Filed under: Features,Not Your Average,Philly Jawns,Speaker Smashers,Steady Bootleggin'
Written by: Robbie Ettelson
To begin the Hilltop Hustlers story, you need to go back to Steady B. After his uncle Lawrence “LG” Goodman lost his New York talent thanks to most of the Juice Crew signing with Cold Chillin’, he set out to form his own local all-star team to keep his Pop Art label buzzing, and MC Boob was the obvious choice to set the ball rolling. Jesse Serwer got the story behind the early singles when he interviewed DJ Tat Money, who went on to become Steady’s main DJ:
JS: On “Bring the Beat Back,” the DJ was someone else, right?
Tat Money: Grand Dragon K.D.
JS: Right. That was the first time the transformer scratch was on wax, right? Was he known for that?
Tat Money: Not at all.
JS: So who is the real originator of the transform?
Tat Money: I’ve been digging up some of my old tapes I had archived. And I’m like damn, I was really focused on this transformer stuff at the time. I totally forgot. The transformer was like this: We were all doing it, and he got the break and put it on wax. K.D. wasn’t a well-known DJ or anything. He was okay. We were all really competitive so at that time, it was like, “Damn I could have been on the record.” You had that mentality. It was like, “Who the hell is he?” In your mind you think, “I’m better than him.” He happened to be in the right place at the right time probably on some, “Yo I need a DJ, you want to do it? Come on” shit. Cause that’s Steady. I know him like the back of my hand. That’s just how he is. He’s a real kindhearted cat, and I think K.D. was hanging around the area and they just became a duo. The thing was Boob already had two other DJs at the time. He was kind of notorious for switching DJs. This big fat dude named Tank, who was his first DJ, actually came with him when he came to Funk-O-Mart looking for me.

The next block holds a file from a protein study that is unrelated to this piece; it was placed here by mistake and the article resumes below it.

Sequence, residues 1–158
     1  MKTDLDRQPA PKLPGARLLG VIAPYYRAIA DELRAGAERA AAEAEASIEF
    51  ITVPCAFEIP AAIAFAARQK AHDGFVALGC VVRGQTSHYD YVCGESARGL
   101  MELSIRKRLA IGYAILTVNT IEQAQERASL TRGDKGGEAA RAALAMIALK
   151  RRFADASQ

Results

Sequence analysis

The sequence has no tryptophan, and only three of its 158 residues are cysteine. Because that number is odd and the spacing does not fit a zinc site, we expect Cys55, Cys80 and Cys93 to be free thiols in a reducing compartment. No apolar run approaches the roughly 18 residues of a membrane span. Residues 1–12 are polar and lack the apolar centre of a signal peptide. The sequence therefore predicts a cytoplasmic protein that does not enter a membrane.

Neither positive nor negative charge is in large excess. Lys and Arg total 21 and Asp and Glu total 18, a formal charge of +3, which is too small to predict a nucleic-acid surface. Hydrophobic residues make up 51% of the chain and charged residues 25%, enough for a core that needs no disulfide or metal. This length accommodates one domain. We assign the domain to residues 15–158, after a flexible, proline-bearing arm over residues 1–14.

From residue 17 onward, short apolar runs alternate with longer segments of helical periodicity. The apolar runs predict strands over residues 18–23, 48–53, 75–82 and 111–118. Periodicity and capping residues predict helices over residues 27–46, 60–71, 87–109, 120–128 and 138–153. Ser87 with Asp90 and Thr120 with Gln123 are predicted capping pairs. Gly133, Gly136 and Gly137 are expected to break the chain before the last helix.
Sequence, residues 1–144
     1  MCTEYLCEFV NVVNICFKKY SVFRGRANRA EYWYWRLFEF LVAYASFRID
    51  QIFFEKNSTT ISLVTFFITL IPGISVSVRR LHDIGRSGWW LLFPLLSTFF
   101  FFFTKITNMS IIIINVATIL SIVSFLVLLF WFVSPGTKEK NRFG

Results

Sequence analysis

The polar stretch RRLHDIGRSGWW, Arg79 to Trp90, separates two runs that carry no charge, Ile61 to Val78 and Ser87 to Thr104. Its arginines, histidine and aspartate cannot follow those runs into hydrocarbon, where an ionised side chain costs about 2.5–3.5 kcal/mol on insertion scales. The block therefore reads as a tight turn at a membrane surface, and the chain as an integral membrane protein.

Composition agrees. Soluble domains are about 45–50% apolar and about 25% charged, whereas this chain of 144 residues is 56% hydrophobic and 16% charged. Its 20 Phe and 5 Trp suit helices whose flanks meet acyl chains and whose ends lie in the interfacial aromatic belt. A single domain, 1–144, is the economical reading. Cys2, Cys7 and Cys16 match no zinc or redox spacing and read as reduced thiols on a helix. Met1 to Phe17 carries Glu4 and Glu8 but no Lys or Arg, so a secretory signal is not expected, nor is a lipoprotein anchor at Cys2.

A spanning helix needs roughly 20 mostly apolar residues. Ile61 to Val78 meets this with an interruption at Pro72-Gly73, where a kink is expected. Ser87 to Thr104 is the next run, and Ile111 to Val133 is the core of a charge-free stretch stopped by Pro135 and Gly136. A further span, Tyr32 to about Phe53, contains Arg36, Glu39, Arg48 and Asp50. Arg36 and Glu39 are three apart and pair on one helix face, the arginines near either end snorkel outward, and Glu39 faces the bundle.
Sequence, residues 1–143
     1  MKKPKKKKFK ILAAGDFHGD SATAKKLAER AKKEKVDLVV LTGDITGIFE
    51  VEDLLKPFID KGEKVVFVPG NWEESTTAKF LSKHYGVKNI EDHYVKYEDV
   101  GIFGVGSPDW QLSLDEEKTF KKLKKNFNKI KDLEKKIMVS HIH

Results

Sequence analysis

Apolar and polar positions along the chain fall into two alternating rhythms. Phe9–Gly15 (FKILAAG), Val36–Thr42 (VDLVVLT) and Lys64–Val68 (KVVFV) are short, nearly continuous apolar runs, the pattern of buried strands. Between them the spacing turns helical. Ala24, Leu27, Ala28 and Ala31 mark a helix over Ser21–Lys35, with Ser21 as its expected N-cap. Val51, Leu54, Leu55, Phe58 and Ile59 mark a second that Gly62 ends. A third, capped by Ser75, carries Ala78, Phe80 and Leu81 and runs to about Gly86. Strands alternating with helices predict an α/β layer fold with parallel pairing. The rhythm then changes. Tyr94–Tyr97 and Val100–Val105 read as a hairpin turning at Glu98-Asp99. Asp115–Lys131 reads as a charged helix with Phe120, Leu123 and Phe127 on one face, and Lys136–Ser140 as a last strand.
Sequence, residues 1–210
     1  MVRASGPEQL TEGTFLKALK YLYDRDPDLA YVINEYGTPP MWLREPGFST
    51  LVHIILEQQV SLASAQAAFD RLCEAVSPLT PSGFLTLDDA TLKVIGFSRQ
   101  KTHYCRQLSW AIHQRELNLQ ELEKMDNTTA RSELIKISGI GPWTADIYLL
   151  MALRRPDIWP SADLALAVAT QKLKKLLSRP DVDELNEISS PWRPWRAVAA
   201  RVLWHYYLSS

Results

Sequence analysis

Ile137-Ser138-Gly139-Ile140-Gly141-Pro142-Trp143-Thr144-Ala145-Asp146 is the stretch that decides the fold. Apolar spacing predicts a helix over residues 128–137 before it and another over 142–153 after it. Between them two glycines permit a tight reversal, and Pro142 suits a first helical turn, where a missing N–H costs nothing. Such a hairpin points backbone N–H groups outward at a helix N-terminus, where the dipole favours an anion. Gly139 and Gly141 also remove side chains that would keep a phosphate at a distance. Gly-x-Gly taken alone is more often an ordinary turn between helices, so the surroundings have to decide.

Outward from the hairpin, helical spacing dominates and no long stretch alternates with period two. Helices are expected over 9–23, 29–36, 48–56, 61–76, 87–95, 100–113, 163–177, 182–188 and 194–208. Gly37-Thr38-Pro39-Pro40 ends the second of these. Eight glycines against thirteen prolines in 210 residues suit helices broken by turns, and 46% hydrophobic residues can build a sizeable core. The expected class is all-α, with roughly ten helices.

JS: That’s odd.
Tat Money: Boob was kind of weird like that. I actually visited Steady [in jail] a couple months ago. He was a little sporadic. But we actually talked about when he was first getting on wax. He told me stuff I didn’t know before. This guy Jimmy who he went to Overbrook High School with was trying to rap and had this idea about dissing LL Cool J and a few people around the way heard about it. I heard about it. It was like, “Whoaa, you’re gonna do what? You’re crazy.” For somebody to come out and diss a person like LL that’s really hot at the time and go against the grain was considered crazy. You’d think, “I don’t like that idea or I love that idea.” All different opinions. Steady heard about that, and Steady heard that Lawrence was making records so he hooked up with Lawrence and told him, there’s a guy with this great idea for a record to diss LL all written and everything. They went around the guy’s house twice and they couldn’t catch the guy. His name was Jimmy the Jawn. Which is a funny ass name. That’s amazing. Cause you know jawn is Philly’s version of saying that’s the joint. And the word was real hot at the time. It was a brand new phrase. He was basically saying, “I’m that dude.” After they couldn’t catch him, Steady just said, “I’ll just write a song and we’ll put it out.”
It could be said that Steady never really moved beyond his classic Shout Rap style later in his career, but back in ’86 that shit worked. Here are three of his finest speaker smashers from his Pop Art days:
Steady B - ‘Take Your Radio’
Steady B - ‘Just Call Us Def’
Steady B - ‘Bring The Beat Back’
Next Up: Early Cool C and Three Times Dope…
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